Q: A.) I got a fitness tracker earlier in the year and have been surprised how much walking I do in addition to my training – it works out to an extra 8-9 hours/week on average. Should I just treat this as active recovery? It’s obviously very easy, low HR exercise. B.) Do you have suggestions for how the uphill athlete who’s confined to the flatlands can train? I’m 4 hours drive from anything beyond a 100m hill. I have suffered from ITBS in the past and have problems with this when doing high volumes of weighted box steps…but have no problems doing long days in the hills even when carrying a day pack. C.) I would love to hear advice on dealing with ITBS. I’m surprised I got it (from running) as I have strong legs. Neither stretching nor strength training have helped. A : A.) It is completely up to you whether, or how, to count these low HR hours. They certainly have a beneficial recovery effect. But since this is “your” training log, just be consistent with how you count the time spent. The lower the intensity the more volume you need to have much training effect. Keep in mind, short duration (under 30 min at a time), low intensity (less than 50% max HR) exercise will have minimal training effect for someone as fit as you must be.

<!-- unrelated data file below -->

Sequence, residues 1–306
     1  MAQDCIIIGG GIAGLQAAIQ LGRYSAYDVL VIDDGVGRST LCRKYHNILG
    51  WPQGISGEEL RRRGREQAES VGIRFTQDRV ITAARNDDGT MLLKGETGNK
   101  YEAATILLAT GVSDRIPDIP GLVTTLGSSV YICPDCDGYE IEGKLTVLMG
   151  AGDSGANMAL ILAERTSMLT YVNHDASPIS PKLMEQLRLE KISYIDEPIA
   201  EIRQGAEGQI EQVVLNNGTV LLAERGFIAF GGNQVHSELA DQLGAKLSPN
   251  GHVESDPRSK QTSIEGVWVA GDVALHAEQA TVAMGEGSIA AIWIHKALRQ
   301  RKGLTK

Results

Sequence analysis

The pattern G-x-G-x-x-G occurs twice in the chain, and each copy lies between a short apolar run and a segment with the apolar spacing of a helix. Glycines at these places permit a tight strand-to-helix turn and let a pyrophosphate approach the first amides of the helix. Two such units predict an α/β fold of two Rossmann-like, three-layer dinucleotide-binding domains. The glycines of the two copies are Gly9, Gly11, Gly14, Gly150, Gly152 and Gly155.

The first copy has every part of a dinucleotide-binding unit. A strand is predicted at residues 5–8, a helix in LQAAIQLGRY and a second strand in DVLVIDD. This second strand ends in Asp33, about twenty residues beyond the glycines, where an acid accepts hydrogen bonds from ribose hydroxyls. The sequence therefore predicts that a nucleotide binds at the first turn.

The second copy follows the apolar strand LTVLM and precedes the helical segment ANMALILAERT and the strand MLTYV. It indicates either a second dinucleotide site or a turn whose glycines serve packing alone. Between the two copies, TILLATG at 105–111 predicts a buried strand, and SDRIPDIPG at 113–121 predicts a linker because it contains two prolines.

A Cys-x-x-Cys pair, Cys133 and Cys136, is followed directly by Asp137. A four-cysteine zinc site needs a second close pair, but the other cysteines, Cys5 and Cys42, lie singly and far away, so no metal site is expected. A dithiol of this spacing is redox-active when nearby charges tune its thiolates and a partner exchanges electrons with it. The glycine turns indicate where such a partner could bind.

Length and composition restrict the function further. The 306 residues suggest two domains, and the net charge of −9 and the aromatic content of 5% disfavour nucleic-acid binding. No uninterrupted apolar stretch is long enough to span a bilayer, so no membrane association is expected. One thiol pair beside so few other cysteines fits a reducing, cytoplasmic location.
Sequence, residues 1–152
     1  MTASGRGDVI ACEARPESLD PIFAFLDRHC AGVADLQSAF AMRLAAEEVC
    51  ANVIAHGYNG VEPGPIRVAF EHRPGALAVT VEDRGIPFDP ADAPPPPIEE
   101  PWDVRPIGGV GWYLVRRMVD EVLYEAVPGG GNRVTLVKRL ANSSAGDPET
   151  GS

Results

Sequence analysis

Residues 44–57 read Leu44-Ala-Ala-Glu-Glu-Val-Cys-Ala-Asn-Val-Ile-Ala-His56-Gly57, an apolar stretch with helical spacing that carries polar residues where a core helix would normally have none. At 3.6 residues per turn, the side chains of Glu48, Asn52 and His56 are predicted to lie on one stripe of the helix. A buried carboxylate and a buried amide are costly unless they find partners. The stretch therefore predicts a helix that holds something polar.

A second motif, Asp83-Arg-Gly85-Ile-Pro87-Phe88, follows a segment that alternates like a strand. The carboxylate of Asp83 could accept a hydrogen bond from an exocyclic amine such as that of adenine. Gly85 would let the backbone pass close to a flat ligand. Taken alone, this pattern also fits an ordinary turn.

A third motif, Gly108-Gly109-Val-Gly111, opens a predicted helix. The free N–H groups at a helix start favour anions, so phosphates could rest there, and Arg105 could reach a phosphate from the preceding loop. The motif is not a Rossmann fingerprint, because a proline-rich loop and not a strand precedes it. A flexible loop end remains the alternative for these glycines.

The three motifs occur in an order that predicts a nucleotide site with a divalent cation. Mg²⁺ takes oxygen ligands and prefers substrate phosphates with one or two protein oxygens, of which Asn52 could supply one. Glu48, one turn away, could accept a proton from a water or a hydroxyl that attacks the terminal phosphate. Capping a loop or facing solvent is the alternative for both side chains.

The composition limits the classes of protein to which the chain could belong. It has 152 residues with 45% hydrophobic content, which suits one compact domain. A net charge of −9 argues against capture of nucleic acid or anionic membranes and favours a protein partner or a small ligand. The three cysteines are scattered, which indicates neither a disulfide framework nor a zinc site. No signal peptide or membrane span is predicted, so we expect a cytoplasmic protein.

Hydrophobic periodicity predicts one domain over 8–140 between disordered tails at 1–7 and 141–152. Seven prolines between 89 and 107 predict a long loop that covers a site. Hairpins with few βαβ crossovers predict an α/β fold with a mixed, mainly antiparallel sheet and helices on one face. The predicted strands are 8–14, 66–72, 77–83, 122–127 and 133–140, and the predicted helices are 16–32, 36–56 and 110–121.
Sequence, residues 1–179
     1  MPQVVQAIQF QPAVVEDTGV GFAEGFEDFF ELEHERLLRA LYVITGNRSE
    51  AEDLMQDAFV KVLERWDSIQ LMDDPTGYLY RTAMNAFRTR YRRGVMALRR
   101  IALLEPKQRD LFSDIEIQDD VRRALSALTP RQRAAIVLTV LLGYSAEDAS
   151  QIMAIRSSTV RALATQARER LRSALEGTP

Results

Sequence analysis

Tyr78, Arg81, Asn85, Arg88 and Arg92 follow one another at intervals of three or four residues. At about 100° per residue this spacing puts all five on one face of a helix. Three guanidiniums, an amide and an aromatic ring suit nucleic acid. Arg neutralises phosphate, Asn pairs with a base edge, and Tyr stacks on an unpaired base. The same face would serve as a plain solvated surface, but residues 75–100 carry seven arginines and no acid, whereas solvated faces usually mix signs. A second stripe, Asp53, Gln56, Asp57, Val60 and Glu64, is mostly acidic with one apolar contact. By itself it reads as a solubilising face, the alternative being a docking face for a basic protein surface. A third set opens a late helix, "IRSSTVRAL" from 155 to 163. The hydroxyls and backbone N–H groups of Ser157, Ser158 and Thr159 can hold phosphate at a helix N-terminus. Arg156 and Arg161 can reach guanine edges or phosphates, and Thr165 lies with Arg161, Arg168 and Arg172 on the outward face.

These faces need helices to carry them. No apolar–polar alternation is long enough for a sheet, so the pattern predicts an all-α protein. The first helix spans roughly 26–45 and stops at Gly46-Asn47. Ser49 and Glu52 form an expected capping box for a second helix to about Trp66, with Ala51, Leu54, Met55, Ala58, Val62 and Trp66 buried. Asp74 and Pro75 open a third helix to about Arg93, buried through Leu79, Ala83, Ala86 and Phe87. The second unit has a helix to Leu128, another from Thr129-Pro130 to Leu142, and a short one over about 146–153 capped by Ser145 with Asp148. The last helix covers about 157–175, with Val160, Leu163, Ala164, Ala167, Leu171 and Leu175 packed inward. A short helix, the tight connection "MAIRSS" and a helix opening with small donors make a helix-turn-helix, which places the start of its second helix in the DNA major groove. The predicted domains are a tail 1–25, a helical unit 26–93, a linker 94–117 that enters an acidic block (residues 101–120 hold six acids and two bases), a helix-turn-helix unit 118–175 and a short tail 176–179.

Finally, in addition to the already great benefits listed above, when college admission counselors and college coaches see a high school student who has performed well both academically and athletically, they see a well-rounded student athlete who will be a welcome student in higher education. In order to participate in collegiate athletics, students must be registered with the National Collegiate Athletic Association (NCAA). The NCAA promotes high standards in collegiate athletics so student athletes may remain eligible to play on a team.